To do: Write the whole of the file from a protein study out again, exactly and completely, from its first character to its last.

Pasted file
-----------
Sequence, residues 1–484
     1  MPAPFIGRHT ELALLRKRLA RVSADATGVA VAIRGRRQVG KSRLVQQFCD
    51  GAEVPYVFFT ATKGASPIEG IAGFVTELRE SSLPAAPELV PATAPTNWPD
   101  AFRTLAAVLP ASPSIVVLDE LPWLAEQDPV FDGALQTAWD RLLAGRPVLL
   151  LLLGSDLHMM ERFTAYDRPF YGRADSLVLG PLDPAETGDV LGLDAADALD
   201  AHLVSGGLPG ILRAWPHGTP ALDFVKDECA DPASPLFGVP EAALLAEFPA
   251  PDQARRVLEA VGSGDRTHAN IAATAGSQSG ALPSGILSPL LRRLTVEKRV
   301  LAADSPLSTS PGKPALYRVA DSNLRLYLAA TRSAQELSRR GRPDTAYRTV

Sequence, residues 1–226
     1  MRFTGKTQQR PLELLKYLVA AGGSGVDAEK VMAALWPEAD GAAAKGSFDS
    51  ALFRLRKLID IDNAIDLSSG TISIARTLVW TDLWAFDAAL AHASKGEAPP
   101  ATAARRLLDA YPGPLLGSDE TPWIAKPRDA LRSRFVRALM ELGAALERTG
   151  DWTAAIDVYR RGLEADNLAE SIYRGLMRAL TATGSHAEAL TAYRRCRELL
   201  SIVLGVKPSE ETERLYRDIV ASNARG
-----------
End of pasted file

Sequence, residues 1–484
     1  MPAPFIGRHT ELALLRKRLA RVSADATGVA VAIRGRRQVG KSRLVQQFCD
    51  GAEVPYVFFT ATKGASPIEG IAGFVTELRE SSLPAAPELV PATAPTNWPD
   101  AFRTLAAVLP ASPSIVVLDE LPWLAEQDPV FDGALQTAWD RLLAGRPVLL
   151  LLLGSDLHMM ERFTAYDRPF YGRADSLVLG PLDPAETGDV LGLDAADALD
   201  AHLVSGGLPG ILRAWPHGTP ALDFVKDECA DPASPLFGVP EAALLAEFPA
   251  PDQARRVLEA VGSGDRTHAN IAATAGSQSG ALPSGILSPL LRRLTVEKRV
   301  LAADSPLSTS PGKPALYRVA DSNLRLYLAA TRSAQELSRR GRPDTAYRTV

Sequence, residues 1–226
     1  MRFTGKTQQR PLELLKYLVA AGGSGVDAEK VMAALWPEAD GAAAKGSFDS
    51  ALFRLRKLID IDNAIDLSSG TISIARTLVW TDLWAFDAAL AHASKGEAPP
   101  ATAARRLLDA YPGPLLGSDE TPWIAKPRDA LRSRFVRALM ELGAALERTG
   151  DWTAAIDVYR RGLEADNLAE SIYRGLMRAL TATGSHAEAL TAYRRCRELL
   201  SIVLGVKPSE ETERLYRDIV ASNARG